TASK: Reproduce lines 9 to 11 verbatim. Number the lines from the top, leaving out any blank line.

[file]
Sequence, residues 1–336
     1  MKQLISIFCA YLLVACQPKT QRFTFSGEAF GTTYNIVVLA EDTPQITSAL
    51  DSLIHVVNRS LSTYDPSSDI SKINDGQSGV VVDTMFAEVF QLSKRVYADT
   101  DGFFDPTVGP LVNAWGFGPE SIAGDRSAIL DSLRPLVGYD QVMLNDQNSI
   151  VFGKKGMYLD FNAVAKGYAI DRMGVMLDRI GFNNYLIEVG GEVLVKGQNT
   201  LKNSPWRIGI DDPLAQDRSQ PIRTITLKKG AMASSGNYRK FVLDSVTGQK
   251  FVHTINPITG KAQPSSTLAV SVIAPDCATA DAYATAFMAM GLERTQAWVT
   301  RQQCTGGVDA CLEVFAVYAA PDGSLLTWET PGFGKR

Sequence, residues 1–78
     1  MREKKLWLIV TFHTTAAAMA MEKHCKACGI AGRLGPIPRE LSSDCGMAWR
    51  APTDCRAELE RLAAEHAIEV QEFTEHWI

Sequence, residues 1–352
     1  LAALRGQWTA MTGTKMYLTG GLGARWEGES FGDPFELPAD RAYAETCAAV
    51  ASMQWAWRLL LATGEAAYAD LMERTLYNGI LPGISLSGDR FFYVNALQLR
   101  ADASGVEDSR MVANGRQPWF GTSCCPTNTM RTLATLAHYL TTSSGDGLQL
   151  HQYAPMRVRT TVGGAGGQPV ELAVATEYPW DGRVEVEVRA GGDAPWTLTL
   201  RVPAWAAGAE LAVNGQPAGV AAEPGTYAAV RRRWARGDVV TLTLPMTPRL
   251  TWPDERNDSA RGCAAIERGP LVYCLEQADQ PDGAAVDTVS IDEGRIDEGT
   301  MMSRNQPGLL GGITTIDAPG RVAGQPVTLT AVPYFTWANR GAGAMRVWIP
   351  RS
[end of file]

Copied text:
Sequence, residues 1–78
     1  MREKKLWLIV TFHTTAAAMA MEKHCKACGI AGRLGPIPRE LSSDCGMAWR
    51  APTDCRAELE RLAAEHAIEV QEFTEHWI